3.8 Economy

The more we delay, the more we will pay. Climate change is accelerating and human activities are the principal cause, as documented in a series of authoritative scientific reports from the Intergovernmental Panel on Climate Change. The effects are already widespread, costly and consequential — to agriculture, water resources, human health, and ecosystems on land and in the oceans. Climate change poses sweeping risks for economic stability and the security of nations.
Ban Ki-moon Secretary-General, United Nations: Now Is the Time to Act on Climate Change

Climate change is one of the most pervasive and threatening issues of our time, with far-reaching impacts in the twenty-first century.
Climate change is expected to have unprecedented implications on where people can settle, grow food, build cities, and rely on functioning ecosystems for the services they provide. In many places, temperature changes and sea-level rise are already putting ecosystems under stress and affecting human well-being. Climate Change UNEP, (2021)   UNEP topics 

World Resources Institute (2021) The economic costs of climate change are estimated to be 2-10% of global GDP by the end of this century. The impacts of ecosystem degradation affect communities and economies globally. Low-income countries and regions — often those least responsible for causing the problems — will feel the consequences most acutely. Climate change alone is expected to cause 32-132 million people to fall into poverty by 2030.  Meanwhile, the growth opportunities of better environmental management are hiding in plain sight. Research shows that strong climate action could yield at least $26 trillion in benefits globally through 2030, as well as boost jobs and income and improve health.
The global economy and human well-being depend on the availability of natural resources and healthy ecosystems, as well as fair distribution of the benefits they provide. Yet the costs of unsustainable resource use continue to rise, threatening lives and livelihoods around the world.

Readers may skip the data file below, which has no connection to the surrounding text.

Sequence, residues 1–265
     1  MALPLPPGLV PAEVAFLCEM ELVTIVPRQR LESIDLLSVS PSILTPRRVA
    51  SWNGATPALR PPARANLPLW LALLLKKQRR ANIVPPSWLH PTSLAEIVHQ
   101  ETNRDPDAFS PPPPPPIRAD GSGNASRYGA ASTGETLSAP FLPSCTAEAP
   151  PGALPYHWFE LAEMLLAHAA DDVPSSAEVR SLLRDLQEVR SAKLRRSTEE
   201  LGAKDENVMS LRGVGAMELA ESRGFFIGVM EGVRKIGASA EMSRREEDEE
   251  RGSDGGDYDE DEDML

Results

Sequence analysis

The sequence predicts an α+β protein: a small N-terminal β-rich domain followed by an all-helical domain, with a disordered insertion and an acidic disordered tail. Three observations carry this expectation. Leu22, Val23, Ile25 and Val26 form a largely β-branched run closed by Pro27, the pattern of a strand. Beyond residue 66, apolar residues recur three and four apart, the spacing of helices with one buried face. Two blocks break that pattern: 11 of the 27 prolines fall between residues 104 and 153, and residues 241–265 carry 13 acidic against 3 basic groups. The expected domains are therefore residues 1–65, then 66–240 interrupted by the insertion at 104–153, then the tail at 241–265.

Mitigation- taking strong action to reduce emissions – must be viewed as an investment, a cost incurred now and in the coming decades to avoid the risks of very severe consequences in the future. If these investments are made wisely, the costs will be manageable, and there will be a wide range of opportunities for growth and development along the way”. Stern, M. (2006) Stern Review: The Economics of Climate Change

The task of promoting human development, ending poverty, increasing global prosperity, and reducing global inequality will be very challenging in a 2°C world, but in a 4°C world there is serious doubt whether this can be achieved at all. Immediate steps are needed to help countries adapt to the climate impacts being felt today and the unavoidable consequences of a rapidly warming world. The benefits of strong, early action on climate change — action that follows clean, low carbon pathways and avoids locking in unsustainable growth strategies — far outweigh the costs.  Turn down the heat – World Bank Nov 2014

“The financial costs linked to climate change represent the biggest threat to the global economy, according to Nobel Prize winning economist Joseph Stiglitz”

What are the risks – how much do they cost?  Munich re

Climate change, poverty, and inequality are the defining issues of our age. The World Bank Group is the biggest multilateral funder of climate investments in developing countries. And we intend to go further in helping countries reduce poverty and rise to the challenges of climate change.(2021)

We need to get rid of fossil fuel subsidies now:  End Fossil Fuel Subsidies Now and Start Carbon Tax, Urges World Bank Chief
Jim Yong Kim, WB president, 2015

Corporate responsibility:
Climate change is one of the greatest risks facing humankind this century. Through a part of its core business, the insurance industry is directly affected and therefore assumes a leading role in devising solutions for climate protection and adaptation to the inevitable changes. Munich re

Climate change on the rocks:  losses from drought/subsidence, inundation, and storms in France could almost double until 2040 Munich re

We’re on the Cusp of One of the Greatest Inflationary Periods in History. It’s Only Just Begun, and It’s Going to Get a Whole Lot Worse  (2021)

Guardian (2015)  World Bank rejects energy industry notion that coal can cure poverty

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Read more:  Heat waves, floods, lack of water, sea level rise and extreme weather have devastating effects on economy

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Home Chapter 3 3. Impacts
3.1 More water vapor
3.2 Sea level rise
3.3 Polar sea ice
3.4 Air pollution
3.5 Acidification
3.6 Health
3.7 Extreme weather
3.8 Economy
3.9 Refugees and conflicts
3.10 Glaciers
3.11 Tipping points
3.12 Biodiversity
3.13 Water
Chapter 4 4. Ecosystems